Much of The A-Z of Jane Austen pays attention to what you might call the ‘surface’ of Austen’s writings – to activities such as dance or matchmaking, for example, whose centrality in her storylines might seem to go without saying. In so doing I’m making the case that readings of Austen don’t necessarily have to… Read More »
On the Bloomsbury Literary Studies blog, we love to feature guest posts from our authors to help convey the impressive depth of research and knowledge contained within each of the books we publish. Contributing a blog post offers you an opportunity to help promote your book and share your research with a wider general-interest online… Read More »
While researching my Object Lessons series book on glitter, I learned the surprising fact that one of the major commercial uses for this substance is in fishing lures. After finishing the book, I decided to investigate this phenomenon a bit deeper—and fell down what can only be described as a rabbit hole into another world.
Biofictions have become increasingly popular with writers and readers in the past three decades or so. The book Derivative Lives points to the prolific market of biofictional works in Spain and beyond to ask: How do we know who to believe, what to trust, what is true?
We’re celebrating the publication of the Bloomsbury Handbook to the Medical-Environmental Humanities with this adapted excerpt from the introduction, which explains why we need to bring medical and environmental humanities into conversation with each other now more than ever.
We’re celebrating the publication of Escape, Escapism, Escapology: American Novels of the Early Twenty-First Century, in which John Limon traces the central theme of 21st-century United States fiction: the desire to escape at a time of inescapable globalization. This is an extract from the first chapter, Notes from Neverland.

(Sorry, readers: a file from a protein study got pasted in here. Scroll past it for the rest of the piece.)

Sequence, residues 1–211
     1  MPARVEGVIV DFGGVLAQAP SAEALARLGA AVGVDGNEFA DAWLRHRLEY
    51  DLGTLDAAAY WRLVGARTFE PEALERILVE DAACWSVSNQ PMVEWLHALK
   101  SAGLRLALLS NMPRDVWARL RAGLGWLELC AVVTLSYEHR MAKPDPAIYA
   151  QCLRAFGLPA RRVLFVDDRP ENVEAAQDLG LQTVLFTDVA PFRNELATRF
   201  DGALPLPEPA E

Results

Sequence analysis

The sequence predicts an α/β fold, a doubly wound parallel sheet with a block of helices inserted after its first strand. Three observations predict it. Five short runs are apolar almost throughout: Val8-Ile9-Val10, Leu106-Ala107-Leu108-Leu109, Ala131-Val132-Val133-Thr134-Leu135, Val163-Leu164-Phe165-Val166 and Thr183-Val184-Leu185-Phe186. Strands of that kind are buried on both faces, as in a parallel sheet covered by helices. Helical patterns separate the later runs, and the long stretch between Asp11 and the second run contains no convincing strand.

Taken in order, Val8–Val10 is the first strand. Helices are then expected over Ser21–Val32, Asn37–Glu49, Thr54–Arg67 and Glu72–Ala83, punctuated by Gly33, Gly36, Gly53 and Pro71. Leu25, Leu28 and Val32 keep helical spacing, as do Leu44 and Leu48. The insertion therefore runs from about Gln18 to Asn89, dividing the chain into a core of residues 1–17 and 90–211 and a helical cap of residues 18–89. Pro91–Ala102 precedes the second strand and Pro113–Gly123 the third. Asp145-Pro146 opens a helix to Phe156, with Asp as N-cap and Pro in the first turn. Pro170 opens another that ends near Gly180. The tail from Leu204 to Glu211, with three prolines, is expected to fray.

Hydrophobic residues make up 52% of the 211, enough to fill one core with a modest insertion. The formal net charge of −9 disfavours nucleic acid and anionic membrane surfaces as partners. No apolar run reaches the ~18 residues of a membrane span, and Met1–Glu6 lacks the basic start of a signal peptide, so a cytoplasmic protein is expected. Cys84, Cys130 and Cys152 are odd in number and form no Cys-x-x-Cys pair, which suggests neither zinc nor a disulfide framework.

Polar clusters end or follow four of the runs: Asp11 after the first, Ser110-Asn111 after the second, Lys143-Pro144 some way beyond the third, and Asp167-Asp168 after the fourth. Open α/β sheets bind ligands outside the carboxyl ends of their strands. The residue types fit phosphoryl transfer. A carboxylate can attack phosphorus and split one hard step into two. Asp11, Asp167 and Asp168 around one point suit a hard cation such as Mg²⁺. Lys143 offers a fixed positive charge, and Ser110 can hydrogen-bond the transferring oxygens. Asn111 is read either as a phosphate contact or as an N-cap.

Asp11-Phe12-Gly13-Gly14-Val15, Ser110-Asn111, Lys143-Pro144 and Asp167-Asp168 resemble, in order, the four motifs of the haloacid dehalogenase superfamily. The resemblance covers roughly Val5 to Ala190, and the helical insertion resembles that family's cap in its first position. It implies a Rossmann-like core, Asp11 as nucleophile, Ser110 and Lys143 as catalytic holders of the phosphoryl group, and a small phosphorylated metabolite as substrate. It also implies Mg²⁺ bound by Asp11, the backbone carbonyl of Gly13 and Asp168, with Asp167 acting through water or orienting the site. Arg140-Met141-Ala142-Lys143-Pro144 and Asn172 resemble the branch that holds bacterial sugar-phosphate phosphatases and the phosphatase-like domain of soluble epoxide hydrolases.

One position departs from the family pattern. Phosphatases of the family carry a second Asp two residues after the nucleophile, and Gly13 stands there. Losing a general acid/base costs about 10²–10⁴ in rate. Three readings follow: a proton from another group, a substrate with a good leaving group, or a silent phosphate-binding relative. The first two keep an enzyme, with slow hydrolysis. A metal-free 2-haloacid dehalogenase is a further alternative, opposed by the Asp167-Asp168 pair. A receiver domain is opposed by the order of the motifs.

What is “Cold War literature”? Does the term merely refer to novels and poems and plays that explicitly touch on nuclear war, spying, and fear of Communism, works like Nevil Shute’s On The Beach or Eugene Lederer’s The Ugly American
While sitting in a classroom at Dillard University of New Orleans in the 1990’s, I met Alice Dunbar-Nelson (1875-1935). She, as we would say back then, “rocked my world.” Nearly one hundred years removed from the characters in her first collection, Violets and Other Tales, Dunbar-Nelson’s New Orleans was not a place that I knew.… Read More »
Guest post by Dimitar Kambourov I embarked on the project of compiling and editing Bulgarian Literature as World Literature for various reasons. Some of them – like increasing the visibility of Bulgarian literature and provoking curiosity about it worldwide – were uninspiringly important. Others happened to be a continuation of my life-long endeavor to read… Read More »
Guest post by Georgina Binnie-Wright Mentioning ‘Bloomsday’ to those unfamiliar with the work of James Joyce may provoke a quizzical reaction. Yet the date of Ulysses’ setting, on 16 June 1904, marks an opportunity to celebrate a text that has been heralded as signalling the birth of literary modernism. Celebrations will be heightened this year… Read More »